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(27:22, Silber Records)
TRACK LIST: 1. Steve Strong I 2:54 2. Steve Strong II 3:03 3. Steve Strong III 3:29 4. Hearn-Roberts I 3:07 5. Hearn-Roberts II 3:36 6. Hearn-Roberts III 3:56 7. Hearn-Roberts-Watts 4:23 8. Gnorts Evets 2:54 LINEUP: Brian Lea MacKenzie - guitars with: Jason Hearn - drums Bradley Wayne Roberts - bass Steve Strong - drums Alan Watts - spoken voice
Prolusion. US venture ELECTRIC BIRD NOISE have been around in one shape or another for at least 20 years, with composer and musician Brian Lea MacKenzie the main person that this project revolves around. "Hearn-Roberts-Strong-Watts" is the name of the latest album to be issued under the Electric Bird Noise moniker, and was released through US label Silber Records in the early summer of 2019.
Analysis. The productions I have encountered by Electric Bird Noise so far have been rather different in scope and character, ranging from almost regular new wave/post-punk and space rock oriented affairs to deeply experimental creations with stronger similarities to post-rock and arguably even free form jazz. This latest album are variations of the latter, an aspect of this venture that has been ongoing for a few years now. MacKenzie appears to have become rather infatuated with light toned guitar sounds and manners in which these sounds can be treated and used to create eerie, ominous soundscapes. In previous years these excursions have mainly involved various experiments he has catered for himself, but this time around additional musicians have been involved too. This album starts out with MacKenzie and drummer Steve Strong creating three fairly similar creations with the guitars and the drums often both taking the lead in grater parts of the song, with the drums alternating in pace, patterns and intensity, with the guitar textures and reverbs ranging from ghostly reverbs to almost alarm-like ominous cold and dominating calls, occasionally with both instruments forming chaotic, atonal and dramatic soundscapes. We are then presented with three more creations featuring the talents of bassist Bradley Roberts and drummer Jason Hearn adding their instruments to the proceedings. The first two are more expressive and expanded variations of the album's opening three songs, with more room and space given to both the drums and the bass while the guitar takes a more subservient role at these times. But the dramatic, ominous and dramatic build-ups remains,at times with even more dramatic bell like sounds crafted as well. That being said, it is easy to hear that these are constructions pulled from the same sonic palette as the opening tracks at the core level. The final cut on this second set of three songs is a more regular affair, with a foundation in more of a post-punk oriented landscape. The dramatic, ominous and atonal guitar textures have their place here too, with some additional textures of reverbs as well unless I'm much mistaken, but used inside a more regular song context these effects gets to be all the more effective as far as I'm concerned. That the song as such is more energetic and conventional at heart also makes it a more intriguing experience for me. The seventh song here adds in the spoken words of Alan Watts to complement the threesome of MacKenzie, Hearn and Roberts, and the instrument details are toned down to give room and space for the spoken voice here. An approach that also functions rather well I must say, even if the core sound of the song itself here returns to the more expressive variety explored in the opening five creations. Still, spoken words and a subtly more dampened instrument expression also suits this music very well indeed. The concluding track here is, unless I'm very much mistaken, actually the first song of the album played from the end and back to the beginning. A very different experience obviously, and not by far as dramatic and ominous as some of the more expressive cuts here can be. But also one with a stronger otherworldly feel to it, for more or less obvious reasons.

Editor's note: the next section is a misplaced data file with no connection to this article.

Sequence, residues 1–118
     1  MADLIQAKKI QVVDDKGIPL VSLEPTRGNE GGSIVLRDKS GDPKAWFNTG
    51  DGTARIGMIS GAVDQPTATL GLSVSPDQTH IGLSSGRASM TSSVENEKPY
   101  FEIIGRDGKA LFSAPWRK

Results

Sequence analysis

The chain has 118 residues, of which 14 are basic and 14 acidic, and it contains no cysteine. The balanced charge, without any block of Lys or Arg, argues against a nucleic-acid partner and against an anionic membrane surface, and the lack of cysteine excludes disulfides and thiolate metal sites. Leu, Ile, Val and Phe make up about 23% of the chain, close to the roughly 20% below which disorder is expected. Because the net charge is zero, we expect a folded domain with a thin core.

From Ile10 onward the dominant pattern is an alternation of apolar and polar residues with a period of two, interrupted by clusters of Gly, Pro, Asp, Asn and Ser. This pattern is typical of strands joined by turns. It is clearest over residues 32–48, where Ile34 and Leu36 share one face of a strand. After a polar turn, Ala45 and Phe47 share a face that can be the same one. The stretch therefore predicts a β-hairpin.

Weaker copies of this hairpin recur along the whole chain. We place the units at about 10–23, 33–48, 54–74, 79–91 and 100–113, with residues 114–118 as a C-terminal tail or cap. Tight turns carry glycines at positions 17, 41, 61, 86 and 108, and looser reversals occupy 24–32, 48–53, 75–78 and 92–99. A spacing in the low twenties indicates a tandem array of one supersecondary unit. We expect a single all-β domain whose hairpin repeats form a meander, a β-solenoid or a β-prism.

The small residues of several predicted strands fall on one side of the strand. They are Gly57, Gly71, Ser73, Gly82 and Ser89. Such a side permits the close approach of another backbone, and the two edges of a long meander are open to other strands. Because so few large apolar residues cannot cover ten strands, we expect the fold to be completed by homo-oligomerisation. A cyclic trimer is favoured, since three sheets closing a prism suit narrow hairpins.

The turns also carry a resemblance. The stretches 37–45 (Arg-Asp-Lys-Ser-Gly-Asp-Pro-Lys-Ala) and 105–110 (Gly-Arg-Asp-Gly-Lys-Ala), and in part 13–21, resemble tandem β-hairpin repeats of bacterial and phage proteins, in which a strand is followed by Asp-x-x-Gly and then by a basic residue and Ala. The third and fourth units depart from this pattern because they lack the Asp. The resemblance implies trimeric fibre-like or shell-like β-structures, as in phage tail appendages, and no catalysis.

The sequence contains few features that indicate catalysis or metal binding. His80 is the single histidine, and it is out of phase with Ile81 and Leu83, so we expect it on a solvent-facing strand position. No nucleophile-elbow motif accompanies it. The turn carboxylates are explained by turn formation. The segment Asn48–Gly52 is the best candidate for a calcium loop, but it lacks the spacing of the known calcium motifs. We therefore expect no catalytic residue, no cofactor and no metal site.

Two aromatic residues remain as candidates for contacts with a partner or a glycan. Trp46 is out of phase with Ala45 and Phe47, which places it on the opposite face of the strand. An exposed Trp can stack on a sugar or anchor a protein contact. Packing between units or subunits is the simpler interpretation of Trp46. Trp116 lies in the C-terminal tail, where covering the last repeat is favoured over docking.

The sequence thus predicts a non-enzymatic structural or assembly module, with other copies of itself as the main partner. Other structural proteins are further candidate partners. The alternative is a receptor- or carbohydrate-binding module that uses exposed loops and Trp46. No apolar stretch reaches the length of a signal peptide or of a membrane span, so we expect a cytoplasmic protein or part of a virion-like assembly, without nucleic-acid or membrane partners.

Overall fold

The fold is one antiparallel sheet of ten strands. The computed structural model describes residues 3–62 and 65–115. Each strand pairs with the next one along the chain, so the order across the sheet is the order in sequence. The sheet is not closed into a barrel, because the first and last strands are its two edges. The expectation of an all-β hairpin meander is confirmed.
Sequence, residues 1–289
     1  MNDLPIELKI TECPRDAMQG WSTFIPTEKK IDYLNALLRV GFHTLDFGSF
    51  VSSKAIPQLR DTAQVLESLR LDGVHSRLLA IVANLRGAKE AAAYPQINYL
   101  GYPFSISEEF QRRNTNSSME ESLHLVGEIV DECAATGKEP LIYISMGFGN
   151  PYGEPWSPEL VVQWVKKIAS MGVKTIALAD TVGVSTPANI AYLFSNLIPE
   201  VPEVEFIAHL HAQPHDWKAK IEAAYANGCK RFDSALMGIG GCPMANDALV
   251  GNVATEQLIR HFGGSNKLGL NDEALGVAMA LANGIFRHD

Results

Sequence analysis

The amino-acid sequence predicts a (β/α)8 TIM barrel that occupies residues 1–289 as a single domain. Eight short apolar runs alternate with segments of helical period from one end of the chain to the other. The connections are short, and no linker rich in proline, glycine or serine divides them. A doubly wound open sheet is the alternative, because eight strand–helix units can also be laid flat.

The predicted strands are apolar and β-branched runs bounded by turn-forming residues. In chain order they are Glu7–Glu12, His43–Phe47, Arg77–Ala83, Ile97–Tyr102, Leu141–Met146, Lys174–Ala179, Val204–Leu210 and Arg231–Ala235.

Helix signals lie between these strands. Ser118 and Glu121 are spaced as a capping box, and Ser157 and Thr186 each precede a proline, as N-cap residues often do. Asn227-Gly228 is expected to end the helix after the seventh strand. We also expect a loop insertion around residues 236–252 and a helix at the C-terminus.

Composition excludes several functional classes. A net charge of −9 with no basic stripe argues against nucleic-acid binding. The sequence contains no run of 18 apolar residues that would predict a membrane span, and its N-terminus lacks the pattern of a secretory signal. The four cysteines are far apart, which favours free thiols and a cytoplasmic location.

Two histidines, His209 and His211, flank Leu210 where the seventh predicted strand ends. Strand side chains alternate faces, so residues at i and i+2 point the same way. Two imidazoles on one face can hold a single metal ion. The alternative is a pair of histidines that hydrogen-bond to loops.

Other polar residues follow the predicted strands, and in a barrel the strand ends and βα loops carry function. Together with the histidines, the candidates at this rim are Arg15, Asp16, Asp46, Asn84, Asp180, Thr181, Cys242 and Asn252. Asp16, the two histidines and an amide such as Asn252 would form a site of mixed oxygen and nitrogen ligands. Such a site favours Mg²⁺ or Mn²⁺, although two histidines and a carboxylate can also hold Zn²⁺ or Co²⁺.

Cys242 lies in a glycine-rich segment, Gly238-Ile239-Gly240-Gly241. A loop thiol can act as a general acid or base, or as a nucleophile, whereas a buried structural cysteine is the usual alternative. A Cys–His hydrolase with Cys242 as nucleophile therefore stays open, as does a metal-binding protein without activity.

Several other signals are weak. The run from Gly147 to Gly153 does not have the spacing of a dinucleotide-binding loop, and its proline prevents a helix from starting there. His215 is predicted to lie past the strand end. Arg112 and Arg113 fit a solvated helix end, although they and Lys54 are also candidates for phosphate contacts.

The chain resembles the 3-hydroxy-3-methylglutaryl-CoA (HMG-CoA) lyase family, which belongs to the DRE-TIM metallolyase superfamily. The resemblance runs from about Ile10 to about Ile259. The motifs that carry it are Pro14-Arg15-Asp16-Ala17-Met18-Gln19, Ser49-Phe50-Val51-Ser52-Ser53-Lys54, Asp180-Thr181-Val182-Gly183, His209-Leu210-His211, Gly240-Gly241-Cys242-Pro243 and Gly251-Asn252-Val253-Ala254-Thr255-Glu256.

Conclusion. The artist refers to the style of music explored here as ambient jazz. For my sake I'd state that the word ambient here is misleading, as the moods and atmospheres created here doesn't have any kind of relaxing touches to it. This is a kind of ambience that would function very well as the soundtrack to a horror oriented computer game, the sheer ominous atmospheres ones that will keep you awake rather than relax the mind. The music is expressive and experimental, no doubt about that, and those that tend to favor avant-garde oriented experimental music with nightmare like qualities to the moods and atmospheres should find this album to be an intriguing experience - at least in my opinion.
Progmessor: December 26th 2019
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